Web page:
Cybercriminal JokerStash Officially Retired With A $1B Fortune

The popular cybercriminal JokerStash has officially retired with an amassed fortune of over $1 billion as per the blockchain analytics company Elliptic as we are reading more in our latest crypto news.

According to the cybersecurity company Gemini Advisory, the cybercriminal JokerStash claims to have all of the proceeds of the marketplace in BTC and Elliptic estimated that with BTC alone, the hacker would have taken a total of at least $2 billion. The revenue earned by JokerStash can be estimated from the value of the incoming cryptocurrency payments to the wallet as seen on the blockchain according to Elliptics’ co-founder Tom Robinson:

“Sales dropped over the next two years, reflecting a broader downtrend in carding activity – increased security around card payments has made their theft more difficult, while advances in anti-fraud technology have made it more challenging for carders to make purchases with stolen cards.”

Jokerstash
Joker’s Stash announces its own closure. Source Elliptic

According to him, the Jokerstash hacker notified customers back in October that he/she was hospitalized for over a week with the coronavirus while in December, the FBI and Interpol announced a coordinated seizure of domains used by this site. Elliptic noted that the retirement fund of the hacker probably reached about $1 billion considering the fees charged by the marketplace:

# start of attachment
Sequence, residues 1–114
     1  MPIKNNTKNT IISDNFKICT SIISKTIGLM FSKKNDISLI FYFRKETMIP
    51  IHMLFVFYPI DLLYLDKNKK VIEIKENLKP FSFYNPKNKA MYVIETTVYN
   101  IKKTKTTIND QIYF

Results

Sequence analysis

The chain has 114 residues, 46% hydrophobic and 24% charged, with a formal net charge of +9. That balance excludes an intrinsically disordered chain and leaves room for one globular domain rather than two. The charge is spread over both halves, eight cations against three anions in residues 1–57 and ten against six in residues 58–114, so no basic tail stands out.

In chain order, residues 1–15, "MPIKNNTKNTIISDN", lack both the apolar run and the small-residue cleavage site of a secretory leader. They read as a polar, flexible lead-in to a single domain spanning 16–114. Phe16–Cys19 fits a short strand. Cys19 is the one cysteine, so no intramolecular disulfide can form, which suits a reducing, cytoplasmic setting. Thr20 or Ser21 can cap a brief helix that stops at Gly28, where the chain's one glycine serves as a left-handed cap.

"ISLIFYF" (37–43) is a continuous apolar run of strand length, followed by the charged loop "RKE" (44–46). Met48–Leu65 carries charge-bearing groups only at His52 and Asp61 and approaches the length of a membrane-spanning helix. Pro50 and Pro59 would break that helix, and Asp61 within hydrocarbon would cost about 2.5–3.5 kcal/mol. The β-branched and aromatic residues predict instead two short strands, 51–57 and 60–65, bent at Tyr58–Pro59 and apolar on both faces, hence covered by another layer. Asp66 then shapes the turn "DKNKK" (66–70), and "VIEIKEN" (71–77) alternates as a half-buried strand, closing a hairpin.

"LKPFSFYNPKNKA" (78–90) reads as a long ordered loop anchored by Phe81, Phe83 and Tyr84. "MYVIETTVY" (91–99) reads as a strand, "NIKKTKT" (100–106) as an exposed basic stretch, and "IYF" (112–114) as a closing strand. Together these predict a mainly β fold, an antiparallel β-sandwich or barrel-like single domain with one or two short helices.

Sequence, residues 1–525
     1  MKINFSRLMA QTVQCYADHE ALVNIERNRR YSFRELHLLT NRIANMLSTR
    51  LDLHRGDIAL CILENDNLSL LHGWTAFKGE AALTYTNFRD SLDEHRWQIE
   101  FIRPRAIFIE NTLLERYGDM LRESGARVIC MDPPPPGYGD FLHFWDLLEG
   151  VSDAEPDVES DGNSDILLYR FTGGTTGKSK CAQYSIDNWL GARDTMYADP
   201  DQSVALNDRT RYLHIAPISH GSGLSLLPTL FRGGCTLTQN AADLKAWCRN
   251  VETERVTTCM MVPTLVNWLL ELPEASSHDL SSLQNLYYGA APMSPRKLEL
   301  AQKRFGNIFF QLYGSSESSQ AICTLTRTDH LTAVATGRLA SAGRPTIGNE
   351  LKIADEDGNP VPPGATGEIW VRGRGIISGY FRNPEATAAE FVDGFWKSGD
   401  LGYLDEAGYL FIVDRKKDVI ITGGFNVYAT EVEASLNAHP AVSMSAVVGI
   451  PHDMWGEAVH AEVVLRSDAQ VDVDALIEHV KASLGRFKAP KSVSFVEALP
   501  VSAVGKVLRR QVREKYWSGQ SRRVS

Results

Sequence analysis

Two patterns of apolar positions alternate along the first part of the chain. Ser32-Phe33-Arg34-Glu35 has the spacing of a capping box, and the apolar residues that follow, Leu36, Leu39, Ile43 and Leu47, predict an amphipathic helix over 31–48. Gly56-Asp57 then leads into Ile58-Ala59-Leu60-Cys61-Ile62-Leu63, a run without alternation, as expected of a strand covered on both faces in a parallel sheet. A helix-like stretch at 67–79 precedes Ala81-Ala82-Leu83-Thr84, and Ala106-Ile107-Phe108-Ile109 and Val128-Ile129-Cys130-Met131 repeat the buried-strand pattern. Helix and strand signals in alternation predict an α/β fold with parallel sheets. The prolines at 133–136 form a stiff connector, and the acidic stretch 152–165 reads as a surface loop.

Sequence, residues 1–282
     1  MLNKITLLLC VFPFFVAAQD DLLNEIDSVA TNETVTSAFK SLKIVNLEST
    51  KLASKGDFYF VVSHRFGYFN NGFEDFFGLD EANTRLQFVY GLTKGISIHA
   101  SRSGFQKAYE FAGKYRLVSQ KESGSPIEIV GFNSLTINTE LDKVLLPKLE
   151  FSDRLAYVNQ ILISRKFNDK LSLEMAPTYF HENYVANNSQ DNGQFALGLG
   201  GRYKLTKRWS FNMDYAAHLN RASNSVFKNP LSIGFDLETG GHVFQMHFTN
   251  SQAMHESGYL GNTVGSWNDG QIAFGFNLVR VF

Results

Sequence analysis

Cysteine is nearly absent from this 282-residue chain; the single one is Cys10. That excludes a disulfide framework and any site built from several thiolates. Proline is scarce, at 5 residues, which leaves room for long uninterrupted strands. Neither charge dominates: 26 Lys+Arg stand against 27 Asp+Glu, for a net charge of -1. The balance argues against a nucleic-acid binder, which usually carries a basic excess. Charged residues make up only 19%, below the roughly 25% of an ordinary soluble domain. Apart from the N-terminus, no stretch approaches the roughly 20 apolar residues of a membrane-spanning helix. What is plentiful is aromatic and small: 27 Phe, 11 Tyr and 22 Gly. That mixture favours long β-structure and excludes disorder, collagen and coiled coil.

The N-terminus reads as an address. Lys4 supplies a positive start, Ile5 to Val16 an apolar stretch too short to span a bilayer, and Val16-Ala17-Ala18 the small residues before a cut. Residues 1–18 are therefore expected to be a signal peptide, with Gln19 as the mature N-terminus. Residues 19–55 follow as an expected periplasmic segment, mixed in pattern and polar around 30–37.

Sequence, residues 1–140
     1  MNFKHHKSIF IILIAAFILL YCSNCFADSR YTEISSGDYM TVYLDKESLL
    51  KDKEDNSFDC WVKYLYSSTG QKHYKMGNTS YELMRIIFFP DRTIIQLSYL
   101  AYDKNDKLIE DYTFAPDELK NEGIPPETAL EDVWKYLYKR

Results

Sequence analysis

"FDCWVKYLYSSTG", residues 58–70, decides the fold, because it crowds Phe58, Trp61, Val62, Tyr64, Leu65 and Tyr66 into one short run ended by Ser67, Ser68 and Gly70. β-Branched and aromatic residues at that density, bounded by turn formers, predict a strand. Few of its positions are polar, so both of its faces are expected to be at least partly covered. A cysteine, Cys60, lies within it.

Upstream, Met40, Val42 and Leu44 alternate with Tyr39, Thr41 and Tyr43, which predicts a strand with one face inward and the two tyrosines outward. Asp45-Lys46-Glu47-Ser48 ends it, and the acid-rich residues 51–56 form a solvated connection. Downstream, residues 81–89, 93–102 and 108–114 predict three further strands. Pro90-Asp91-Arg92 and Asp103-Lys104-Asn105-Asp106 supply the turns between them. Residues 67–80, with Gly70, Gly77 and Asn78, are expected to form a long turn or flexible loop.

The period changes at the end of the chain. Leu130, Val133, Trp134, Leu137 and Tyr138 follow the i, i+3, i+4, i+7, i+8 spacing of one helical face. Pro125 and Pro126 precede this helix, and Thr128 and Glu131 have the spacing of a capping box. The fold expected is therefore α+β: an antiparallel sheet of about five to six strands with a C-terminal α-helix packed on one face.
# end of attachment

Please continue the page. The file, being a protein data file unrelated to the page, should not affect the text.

“The first source of revenue is cryptocurrency deposit fees. Any cryptocurrency payments to the site are converted to a US dollar balance, calculated according to the prevailing exchange rate, minus a fee ranging from 8% in the early days of the site to 4% today. On top of that, the marketplace almost certainly takes a cut of all sales of cards provided by the site’s partners. The commission taken by Joker’s Stash is not known, but for similar marketplaces it ranges between 10 to 30%.”

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Joker’s Stash announced that it will stop all operations on February 15th but the site became inaccessible at the start of February as Robinson noted and estimated that others will take their place “at the heart of the cybercrime economy.” In the meantime, once the hacker announced the closure of the website, it was clear that it will not open again:

“We are also want to wish all young and mature ones cyber-gansters no to lose themselves in the pursuit of easy money. Remember, that even all the money in the world will never make you happy and that all the most truly valuable things in this life are free.”

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